• Short-Term Forecast: Mild and wet for the next week. Temperatures should range from the upper 30’s to high 40’s. Snow levels very high with the lowest forecast around 3,500 feet. The 6-10 and 8-14 day outlooks both suggest above normal temperatures and relatively normal precipitation.
  • Long-Term Forecast: NOAA’s long range outlook map products suggest warmer and drier than normal conditions for the month of January with the same conditions continuing through the remainder of the winter.
  • Habitat: With a relatively normal snowpack, typical winter range areas are currently available. Conditions on the Wildlife Area are similar to slightly improved from last year. Any losses of forage area this fall have been very minor to date and several forage enhancement projects are beginning to produce forage on a number of sites.
  • Animal Concentrations: No unusual concentrations of animals have been noted due to winter conditions. A total of 266 elk were present in the mudflow survey area during the pre winter count on December 9 and 175 during the survey this week.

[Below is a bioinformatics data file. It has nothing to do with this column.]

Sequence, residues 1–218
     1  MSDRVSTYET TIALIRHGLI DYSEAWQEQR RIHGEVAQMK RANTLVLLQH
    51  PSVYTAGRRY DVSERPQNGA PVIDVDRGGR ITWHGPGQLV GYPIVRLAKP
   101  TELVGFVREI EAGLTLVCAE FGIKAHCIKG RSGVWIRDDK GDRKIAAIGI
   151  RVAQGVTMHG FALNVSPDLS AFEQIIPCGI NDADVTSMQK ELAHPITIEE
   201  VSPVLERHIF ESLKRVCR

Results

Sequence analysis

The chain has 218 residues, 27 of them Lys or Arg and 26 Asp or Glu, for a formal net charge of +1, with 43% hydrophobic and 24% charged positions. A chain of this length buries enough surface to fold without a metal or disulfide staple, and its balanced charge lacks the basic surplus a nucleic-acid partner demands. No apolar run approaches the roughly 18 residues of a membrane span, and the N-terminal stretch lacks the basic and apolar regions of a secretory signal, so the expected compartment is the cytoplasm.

• Animal Condition: Animals appear to be in good condition.
  • Mortality: None reported to date due to winter conditions.
  • Public Contacts: One public and one legislative information request were received in the fall inquiring about any plans to feed elk on the Mt. St. Helens Wildlife Area this fall. The public is reminded that the portion of the Mt. St. Helens Wildlife Area lying East of a lined defined by Hoffstadt Creek, The North Fork Toutle and Deer Creek is closed to public access through April 30 to minimize disturbance and associated energy demands on elk wintering there.

District 9:

  • Past Weather: Weather has been moderate and the winter snow pack is below normal, especially below 3000 ft in the south Cascades.